It’s worth noting that these settings delay the automatic installation of updates. You can override them at any time by installing updates manually.
Using Group Policy
If you are running Windows 10 version 1703 or earlier, or if you are managing a large number of devices on a Windows domain, you can apply Windows Update for Business settings using Group Policy.
In an enterprise deployment, you’ll do all of the following with the Group Policy Editor or with Mobile Device Management software.
If you’re working with your personal PC or managing a small number of devices on a network that doesn’t have Active Directory, get started by opening the Local Group Policy Editor, Gpedit.msc. (If that instruction is confusing, you should stop right now. Seriously.)
Navigate through the Local Computer Policy tree in the left pane: Computer Configuration > Administrative Templates > Windows Components > Windows Update.
These settings have changed significantly over time. In Windows 10 version 1703, there’s an additional subfolder called Defer Windows Updates. In version 1709 and later, the subfolder is called Windows Update for Business.
In either version, you have separate options to defer feature updates and quality updates. Although the wording is slightly different depending on the version you’re running, the specific policy settings are the same. Here’s an example of what you’ll see if you choose Select when Preview Builds and Feature Updates are received in version 1709.
Double-click a single setting from this list to open a dialog box where you can define policies for the current PC. The Group Policy options let you do everything I described in the previous section using the Settings app in version 1709. (It also includes options to configure devices for different Windows Insider Preview rings.)
If you’re not experienced with Group Policy, note that for your update and upgrade schedules to be honored, you have to change this policy setting to Enabled. Set it to Disabled (or back to Not Configured) to restore default Windows 10 update settings.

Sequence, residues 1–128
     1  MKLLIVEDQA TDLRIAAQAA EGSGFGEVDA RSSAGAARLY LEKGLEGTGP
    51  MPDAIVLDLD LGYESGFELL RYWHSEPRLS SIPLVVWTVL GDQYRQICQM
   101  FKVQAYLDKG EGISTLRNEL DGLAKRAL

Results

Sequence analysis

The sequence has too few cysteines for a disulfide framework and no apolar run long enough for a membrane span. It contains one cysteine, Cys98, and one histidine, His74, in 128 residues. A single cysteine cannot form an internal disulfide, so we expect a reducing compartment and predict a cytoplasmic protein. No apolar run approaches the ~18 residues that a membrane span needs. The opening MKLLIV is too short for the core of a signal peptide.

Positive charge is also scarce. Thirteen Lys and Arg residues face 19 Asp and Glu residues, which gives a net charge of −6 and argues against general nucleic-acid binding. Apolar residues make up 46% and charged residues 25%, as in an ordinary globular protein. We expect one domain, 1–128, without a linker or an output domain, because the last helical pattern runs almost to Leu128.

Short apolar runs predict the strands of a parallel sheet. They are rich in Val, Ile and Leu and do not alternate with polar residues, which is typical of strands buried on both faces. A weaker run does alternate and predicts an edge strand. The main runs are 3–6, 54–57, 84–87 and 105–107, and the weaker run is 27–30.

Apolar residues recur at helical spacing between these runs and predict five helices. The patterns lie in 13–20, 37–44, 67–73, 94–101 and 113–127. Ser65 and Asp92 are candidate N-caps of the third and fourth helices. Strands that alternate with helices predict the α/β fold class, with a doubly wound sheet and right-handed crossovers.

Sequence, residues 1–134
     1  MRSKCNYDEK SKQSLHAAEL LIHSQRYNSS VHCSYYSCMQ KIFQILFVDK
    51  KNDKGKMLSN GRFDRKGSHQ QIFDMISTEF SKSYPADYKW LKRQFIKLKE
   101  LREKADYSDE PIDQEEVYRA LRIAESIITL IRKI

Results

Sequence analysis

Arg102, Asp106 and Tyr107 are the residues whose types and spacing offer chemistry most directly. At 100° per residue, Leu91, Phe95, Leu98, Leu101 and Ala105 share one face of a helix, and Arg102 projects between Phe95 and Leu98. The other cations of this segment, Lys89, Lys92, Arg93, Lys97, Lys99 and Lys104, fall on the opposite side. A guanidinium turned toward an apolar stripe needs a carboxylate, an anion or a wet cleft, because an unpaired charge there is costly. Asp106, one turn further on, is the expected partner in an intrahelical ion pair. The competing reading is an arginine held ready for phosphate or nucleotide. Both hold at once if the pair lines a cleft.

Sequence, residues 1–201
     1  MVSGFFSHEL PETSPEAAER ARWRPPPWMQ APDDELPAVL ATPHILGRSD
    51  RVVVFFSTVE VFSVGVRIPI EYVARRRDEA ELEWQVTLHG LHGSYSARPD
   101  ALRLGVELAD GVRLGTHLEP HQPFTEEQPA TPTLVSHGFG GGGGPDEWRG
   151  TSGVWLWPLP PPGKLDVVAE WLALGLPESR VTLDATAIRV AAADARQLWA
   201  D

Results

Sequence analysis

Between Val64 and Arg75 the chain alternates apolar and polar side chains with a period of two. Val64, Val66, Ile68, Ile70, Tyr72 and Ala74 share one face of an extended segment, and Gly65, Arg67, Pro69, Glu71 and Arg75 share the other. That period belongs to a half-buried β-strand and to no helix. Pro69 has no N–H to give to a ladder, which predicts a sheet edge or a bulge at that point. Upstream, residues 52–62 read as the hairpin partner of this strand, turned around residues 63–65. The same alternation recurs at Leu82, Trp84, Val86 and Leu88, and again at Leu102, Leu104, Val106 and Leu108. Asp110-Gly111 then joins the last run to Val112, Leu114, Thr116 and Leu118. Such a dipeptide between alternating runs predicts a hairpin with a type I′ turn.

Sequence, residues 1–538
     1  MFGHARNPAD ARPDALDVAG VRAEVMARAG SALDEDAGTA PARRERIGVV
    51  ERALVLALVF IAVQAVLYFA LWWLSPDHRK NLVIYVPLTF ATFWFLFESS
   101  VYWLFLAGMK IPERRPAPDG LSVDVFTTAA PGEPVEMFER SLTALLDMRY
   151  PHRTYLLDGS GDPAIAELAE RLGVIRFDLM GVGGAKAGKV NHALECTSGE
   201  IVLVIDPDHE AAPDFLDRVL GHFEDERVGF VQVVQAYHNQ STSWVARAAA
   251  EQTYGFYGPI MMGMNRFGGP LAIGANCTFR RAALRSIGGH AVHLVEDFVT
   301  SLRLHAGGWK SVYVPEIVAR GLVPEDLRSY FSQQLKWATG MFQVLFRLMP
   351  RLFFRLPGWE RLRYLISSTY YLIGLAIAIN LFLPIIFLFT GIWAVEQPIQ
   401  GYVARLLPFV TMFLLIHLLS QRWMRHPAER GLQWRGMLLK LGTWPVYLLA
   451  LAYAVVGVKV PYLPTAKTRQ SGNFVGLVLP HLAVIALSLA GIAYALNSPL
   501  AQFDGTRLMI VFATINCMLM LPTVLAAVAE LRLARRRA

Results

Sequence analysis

Regardless of which method you choose, the end result is the same. If you set the delay for quality updates to one or two weeks, you can then watch carefully after each batch of Patch Tuesdayupdates arrives. If there are no problems, your updates install after the general public has tested them for you. Setting the “Delay updates” value to 30 days effectively puts you a month behind the general population.
If you discover that a pending update is potentially troublesome and you want to prevent it from installing after your deferred installation date, you can use the Pause button. In Windows 10 version 1709, this setting is below the Windows Update for Business settings, under the Pause Updates heading. Slide that switch to On and the updates will be blocked for another 35 days.
Using the Local Group Policy Editor, click the Pause Quality Updates starting check box and enter today’s date. This action effectively blocks all updates or upgrades; the machine will remain paused until you specifically clear the Pause check box (or reverse the associated policy). You can’t delay forever, though; after 35 days, updates resume automatically installing.
Note that definition updates for Microsoft’s security programs cannot be deferred. (If you install a non-Microsoft security program, its update controls take over and Microsoft’s definitions are not downloaded.)
Ironically, one Group Policy option available only in Enterprise and Education editions causes these settings to be completely ignored. If Allow Telemetry is set to 0 (that is, set to the lowest possible level), then Windows Update for Business settings have no effect.